At my alma matter, the students lived in a ‘ghetto’ of run down houses ripe for trashing right next to the University. This ghetto abutted an actual somewhat poor neighborhood.
I spent my first year off campus living in this actual poor neighborhood and have vivid memories of obese porch monkeys bitching into the phone about their petty social conflicts. Get a #$%$ job, I silently scoffed.
Little did I know…
I have this idealized view of the past occupational landscape being populated by real experts: people who work on a profession and ‘practice’ that profession for money: doctors, lawyers, engineers. In the mix are also the organizational grease called managers and socializing cheerleaders called salespeople.
The elements of that structure remain largely intact. Innovators are far less productive today, perhaps, but I don’t think that has anything to do with their talent.
There’s a new category in town, however.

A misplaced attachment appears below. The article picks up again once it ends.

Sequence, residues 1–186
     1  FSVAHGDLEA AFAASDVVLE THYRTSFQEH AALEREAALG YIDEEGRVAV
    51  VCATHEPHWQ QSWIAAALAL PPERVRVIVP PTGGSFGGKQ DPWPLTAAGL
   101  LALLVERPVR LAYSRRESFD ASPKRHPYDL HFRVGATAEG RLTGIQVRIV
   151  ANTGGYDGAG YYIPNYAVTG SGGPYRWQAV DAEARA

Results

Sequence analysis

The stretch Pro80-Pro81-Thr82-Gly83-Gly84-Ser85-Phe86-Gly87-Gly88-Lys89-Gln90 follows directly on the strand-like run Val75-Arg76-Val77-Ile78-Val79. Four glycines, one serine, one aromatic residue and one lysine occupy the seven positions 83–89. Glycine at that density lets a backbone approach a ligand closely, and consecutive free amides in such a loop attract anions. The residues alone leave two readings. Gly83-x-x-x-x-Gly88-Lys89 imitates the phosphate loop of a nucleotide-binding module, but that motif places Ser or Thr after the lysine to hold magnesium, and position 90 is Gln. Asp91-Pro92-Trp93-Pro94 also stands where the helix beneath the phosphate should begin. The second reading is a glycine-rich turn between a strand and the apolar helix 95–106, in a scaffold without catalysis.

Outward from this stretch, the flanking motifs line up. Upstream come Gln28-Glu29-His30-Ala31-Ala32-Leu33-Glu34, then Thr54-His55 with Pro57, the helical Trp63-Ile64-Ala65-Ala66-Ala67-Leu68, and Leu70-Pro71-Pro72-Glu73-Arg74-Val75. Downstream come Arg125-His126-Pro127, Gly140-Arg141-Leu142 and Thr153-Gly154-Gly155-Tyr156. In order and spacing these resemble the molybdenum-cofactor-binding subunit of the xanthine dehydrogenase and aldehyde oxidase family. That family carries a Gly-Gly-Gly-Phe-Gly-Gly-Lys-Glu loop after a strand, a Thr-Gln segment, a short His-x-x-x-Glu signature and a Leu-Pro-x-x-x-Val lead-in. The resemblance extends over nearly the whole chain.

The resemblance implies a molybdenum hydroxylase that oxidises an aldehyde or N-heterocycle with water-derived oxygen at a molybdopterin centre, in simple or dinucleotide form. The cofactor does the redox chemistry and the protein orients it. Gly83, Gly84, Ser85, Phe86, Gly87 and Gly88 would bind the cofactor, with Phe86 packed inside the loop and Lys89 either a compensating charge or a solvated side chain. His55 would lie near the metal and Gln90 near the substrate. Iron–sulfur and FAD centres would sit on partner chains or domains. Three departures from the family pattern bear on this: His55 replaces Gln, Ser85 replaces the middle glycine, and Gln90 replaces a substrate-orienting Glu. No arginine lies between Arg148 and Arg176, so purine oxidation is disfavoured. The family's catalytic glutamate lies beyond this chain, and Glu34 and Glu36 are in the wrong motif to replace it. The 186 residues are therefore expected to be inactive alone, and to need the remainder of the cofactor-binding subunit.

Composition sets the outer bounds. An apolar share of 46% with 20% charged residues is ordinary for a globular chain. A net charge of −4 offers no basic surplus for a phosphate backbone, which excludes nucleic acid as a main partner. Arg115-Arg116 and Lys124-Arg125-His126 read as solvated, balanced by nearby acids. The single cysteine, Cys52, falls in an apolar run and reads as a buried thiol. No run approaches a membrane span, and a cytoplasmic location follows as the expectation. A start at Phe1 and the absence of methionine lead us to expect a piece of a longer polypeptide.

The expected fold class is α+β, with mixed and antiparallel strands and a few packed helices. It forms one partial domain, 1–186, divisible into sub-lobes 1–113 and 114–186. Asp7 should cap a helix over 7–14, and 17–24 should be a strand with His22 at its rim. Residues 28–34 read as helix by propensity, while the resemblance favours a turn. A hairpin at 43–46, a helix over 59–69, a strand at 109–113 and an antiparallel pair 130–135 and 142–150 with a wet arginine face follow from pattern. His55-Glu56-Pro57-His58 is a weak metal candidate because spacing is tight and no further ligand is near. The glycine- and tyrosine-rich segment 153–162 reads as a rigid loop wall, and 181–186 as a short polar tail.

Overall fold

Most of the smartest people from my business school went to work in finance (mostly investment banking) and management consulting.
These people make money by being high status so they can build a great network of clients and markets. A contributor to this status is being on the outward margin of spexpertise in some industry or other, but anyone who has talked to a stock analyst about his/her industry figures out pretty quickly that they barely know what they’re talking about.
That’s because they’re in sales.
TED has taught me that bankers sell: “connection and access” to the people who control the money in the world. The rest is window dressing and mating dance. Felix has taught me that consultants mostly just sell insider information.
The irony is that business schools profess to teach everything other than sales. They teach management, they teach operations, they teach ‘finance’. But the people they’re teaching aspire to be in sales, whether they know it or not.
But these aren’t your grandmother”s salesmen. They aren’t selling any THING; they’re selling status and networking. Let’s face it, business schools only exist because finance and consulting are high status professions.
Really, it’s a life of pure socializing.
No different than a porch monkey on welfare.*
* I should point out that I consider myself IN finance, so I can say these things.